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PerkinElmer
PerkinElmer

The Scientist

» ethics and developmental biology

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image: Unethical Stem Cells?

Unethical Stem Cells?

By | February 8, 2013

Some of the 200 or so human embryonic stem cell lines approved for federal funding may have been derived from sperm or eggs of unconsenting donors.

5 Comments

image: Fellow Travelers

Fellow Travelers

By | February 1, 2013

Collective cell migration relies on a directional signal that comes from the moving cluster, rather than from external cues.

1 Comment

image: Go Forth, Cells

Go Forth, Cells

By | February 1, 2013

Watch the cell transplant experiments in zebrafish that suggest certain embryonic cells rely on intrinsic directional cues for collective migration.

0 Comments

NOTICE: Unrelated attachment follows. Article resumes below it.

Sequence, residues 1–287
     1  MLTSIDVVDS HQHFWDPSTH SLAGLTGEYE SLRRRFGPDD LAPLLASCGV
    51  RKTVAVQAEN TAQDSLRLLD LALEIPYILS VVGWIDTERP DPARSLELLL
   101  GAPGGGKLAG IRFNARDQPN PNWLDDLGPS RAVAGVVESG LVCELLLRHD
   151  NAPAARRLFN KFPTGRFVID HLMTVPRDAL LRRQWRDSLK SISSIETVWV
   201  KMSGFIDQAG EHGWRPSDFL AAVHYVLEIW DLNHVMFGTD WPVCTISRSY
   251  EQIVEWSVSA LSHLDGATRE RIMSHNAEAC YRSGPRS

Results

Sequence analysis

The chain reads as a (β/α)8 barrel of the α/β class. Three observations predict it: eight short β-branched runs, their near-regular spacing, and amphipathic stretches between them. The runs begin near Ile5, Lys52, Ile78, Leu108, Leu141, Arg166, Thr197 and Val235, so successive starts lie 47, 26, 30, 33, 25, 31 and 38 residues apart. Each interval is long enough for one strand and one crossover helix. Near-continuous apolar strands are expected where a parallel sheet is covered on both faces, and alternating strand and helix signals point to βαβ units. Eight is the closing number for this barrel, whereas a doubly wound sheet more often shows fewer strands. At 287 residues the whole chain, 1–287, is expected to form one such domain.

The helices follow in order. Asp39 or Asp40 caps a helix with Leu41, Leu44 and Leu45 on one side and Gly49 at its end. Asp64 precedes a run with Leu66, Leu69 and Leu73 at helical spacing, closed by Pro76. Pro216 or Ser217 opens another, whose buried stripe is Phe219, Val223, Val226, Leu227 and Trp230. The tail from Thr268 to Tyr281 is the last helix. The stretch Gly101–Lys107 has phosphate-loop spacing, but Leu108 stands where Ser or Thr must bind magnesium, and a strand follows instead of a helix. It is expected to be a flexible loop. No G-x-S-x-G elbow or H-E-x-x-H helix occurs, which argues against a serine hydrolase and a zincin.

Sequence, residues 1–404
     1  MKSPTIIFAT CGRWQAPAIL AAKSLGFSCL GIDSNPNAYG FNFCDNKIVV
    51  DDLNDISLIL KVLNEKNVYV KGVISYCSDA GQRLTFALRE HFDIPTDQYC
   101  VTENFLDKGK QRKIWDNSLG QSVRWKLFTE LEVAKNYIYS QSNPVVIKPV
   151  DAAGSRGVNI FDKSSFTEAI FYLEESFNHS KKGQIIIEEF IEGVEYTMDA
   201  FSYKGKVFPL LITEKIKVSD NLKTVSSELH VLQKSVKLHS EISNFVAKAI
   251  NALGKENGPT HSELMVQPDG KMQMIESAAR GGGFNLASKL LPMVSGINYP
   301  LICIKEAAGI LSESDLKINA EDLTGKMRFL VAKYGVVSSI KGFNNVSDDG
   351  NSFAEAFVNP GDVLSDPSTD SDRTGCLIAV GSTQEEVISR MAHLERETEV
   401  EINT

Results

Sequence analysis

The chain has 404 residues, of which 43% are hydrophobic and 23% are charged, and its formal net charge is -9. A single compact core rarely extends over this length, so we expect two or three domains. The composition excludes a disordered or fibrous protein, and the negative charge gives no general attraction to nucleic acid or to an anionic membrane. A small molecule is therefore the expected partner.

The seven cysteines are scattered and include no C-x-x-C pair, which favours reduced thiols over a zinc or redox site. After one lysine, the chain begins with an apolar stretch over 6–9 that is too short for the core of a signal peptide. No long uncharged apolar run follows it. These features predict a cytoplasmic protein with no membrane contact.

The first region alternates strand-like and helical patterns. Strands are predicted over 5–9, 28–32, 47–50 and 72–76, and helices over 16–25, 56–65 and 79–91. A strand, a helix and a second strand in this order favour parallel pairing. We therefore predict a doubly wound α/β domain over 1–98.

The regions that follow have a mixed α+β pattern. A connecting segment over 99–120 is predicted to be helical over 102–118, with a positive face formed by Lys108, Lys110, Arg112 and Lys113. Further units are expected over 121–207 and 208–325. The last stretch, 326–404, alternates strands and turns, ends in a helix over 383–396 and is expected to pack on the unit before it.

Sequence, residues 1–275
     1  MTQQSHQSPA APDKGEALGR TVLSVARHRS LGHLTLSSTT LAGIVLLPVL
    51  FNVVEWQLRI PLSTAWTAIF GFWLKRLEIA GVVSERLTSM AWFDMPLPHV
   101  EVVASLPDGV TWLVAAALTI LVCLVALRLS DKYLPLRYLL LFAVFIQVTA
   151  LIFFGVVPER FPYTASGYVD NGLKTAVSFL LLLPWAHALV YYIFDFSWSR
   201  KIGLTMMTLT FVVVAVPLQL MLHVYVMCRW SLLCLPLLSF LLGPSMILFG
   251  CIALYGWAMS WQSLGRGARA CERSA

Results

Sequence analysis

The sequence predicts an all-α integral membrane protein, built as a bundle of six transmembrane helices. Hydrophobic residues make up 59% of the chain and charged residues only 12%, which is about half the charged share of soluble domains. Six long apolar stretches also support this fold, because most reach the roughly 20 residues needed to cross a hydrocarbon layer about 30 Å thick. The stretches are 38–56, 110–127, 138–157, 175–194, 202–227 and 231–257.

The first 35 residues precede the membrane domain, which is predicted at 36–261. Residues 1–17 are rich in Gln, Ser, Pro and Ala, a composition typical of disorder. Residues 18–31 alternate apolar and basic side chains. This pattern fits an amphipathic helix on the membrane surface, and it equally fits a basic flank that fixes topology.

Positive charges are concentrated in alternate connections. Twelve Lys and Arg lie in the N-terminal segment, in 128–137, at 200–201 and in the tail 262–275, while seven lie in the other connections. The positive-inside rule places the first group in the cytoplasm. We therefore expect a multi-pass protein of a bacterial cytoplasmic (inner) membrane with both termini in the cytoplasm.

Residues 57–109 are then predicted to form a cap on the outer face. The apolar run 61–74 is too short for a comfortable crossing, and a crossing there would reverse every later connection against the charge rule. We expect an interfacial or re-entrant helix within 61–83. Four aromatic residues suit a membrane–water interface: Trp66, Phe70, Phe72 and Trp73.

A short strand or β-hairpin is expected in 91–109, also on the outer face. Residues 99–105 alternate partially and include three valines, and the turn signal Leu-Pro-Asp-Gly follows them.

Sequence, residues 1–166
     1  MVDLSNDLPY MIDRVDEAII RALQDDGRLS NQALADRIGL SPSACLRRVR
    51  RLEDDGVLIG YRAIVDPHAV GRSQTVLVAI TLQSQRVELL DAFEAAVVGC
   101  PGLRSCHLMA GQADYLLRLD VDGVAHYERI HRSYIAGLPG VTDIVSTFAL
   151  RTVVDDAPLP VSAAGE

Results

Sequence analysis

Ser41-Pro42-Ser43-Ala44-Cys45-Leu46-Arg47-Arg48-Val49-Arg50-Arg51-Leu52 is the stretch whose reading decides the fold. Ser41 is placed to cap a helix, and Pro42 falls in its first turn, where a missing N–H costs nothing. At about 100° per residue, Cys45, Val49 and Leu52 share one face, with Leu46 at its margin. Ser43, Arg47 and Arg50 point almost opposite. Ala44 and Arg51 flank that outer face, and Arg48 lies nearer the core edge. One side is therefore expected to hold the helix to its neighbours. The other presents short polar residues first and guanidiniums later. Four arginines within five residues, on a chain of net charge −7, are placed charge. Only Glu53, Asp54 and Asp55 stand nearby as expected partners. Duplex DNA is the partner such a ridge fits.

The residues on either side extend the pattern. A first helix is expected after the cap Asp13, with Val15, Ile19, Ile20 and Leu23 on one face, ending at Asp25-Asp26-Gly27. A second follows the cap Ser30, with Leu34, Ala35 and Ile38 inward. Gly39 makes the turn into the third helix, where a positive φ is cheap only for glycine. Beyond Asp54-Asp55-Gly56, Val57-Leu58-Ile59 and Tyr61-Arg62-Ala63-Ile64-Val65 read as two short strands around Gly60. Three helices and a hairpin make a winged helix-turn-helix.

image: Researchers Risk Insider Trading

Researchers Risk Insider Trading

By | January 14, 2013

Academics get paid handsome fees to consult with the financial industry, but run the risk of revealing confidential information that leads to illicit gains.

0 Comments

image: Reforming Research Cheats

Reforming Research Cheats

By | January 9, 2013

A new ethics course aims to rehabilitate scientists found guilty of misconduct so they can return to the field as productive researchers.  

5 Comments

image: 2012 Multimedia Roundup

2012 Multimedia Roundup

By | December 14, 2012

The science images and videos that captured our attention in 2012

1 Comment

image: Coming to Terms

Coming to Terms

By | November 1, 2012

New noninvasive methods of selecting the most viable embryo could revolutionize in vitro fertilization.

11 Comments

image: Contributors

Contributors

By | November 1, 2012

Meet some of the people featured in the November 2012 issue of The Scientist.

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image: Military Mind Wars

Military Mind Wars

By | November 1, 2012

How neuroscience research can inform military counterintelligence tactics, and the moral responsibilities that accompany such research

5 Comments

image: Exit Strategy

Exit Strategy

By | November 1, 2012

Large RNA-protein packets use a novel mechanism to escape the cell nucleus.

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